Recognizing and Understanding Revolutionary Change in Warfare: The Sovereignty of Context
ARMY WAR COLL STRATEGIC STUDIES INST CARLISLE BARRACKS PA
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Revolution in Military Affairs RMA was the most widely used, and abused, acronym in the U.S. defense community in the 1990s. Subsequently, transformation has superceded it as the preferred term of art. For the better part of two decades, American defense professionals have been excited by the prospect of effecting a revolutionary change in the conduct and character of warfare. In this monograph, Dr. Colin S. Gray provides a critical audit of the great RMA debate and of some actual RMA behavior. He argues that the contexts of warfare are crucially important. Indeed so vital are the contexts that only a military transformation that allows for flexibility and adaptability will meet future strategic demands. Dr. Gray warns against a transformation that is highly potent only in a narrow range of strategic cases. In addition, he advises that the historical record demonstrates clearly that every revolutionary change in warfare eventually is more or less neutralized by antidotes of one kind or another political, strategic, operational, tactical, and technological. He warns that the military effectiveness of a process of revolutionary change in a way of war can only be judged by the test of battle, and possibly not even then, if the terms of combat are very heavily weighted in favor of the United States. On balance, the concept of revolutionary change is found to be quite useful, provided it is employed and applied with some reservations and in a manner that allows for flexibility and adaptability. Above all else, the monograph insists, the contexts of warfare, especially the political, determine how effective a transforming military establishment will be.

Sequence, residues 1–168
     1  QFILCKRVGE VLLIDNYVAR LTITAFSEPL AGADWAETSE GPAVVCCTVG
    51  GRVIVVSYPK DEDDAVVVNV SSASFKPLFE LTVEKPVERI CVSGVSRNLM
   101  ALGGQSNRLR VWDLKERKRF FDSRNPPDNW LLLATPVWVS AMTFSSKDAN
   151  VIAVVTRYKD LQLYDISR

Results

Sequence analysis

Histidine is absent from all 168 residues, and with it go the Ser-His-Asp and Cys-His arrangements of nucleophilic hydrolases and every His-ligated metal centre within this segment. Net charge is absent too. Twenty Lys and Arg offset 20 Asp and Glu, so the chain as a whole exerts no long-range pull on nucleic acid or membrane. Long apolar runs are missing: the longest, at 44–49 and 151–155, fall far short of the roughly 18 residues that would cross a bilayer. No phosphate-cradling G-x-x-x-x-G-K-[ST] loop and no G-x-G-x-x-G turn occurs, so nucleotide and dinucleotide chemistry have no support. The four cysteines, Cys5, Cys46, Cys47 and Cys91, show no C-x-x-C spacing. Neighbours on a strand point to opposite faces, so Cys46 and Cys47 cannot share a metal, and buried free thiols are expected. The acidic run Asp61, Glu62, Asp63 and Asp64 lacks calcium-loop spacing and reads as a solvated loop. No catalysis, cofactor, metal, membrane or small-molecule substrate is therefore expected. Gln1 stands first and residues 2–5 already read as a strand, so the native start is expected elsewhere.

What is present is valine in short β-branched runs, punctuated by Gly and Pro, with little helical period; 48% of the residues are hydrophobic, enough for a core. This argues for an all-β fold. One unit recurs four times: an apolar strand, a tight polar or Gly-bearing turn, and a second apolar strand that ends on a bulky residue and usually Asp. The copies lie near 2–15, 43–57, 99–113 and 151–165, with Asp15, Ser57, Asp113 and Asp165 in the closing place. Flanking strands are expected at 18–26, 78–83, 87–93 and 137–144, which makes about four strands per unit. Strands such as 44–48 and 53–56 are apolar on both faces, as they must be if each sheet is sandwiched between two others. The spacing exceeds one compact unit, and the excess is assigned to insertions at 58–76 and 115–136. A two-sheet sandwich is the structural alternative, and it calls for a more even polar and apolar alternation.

- Military Forces and Organizations
- Military Operations, Strategy and Tactics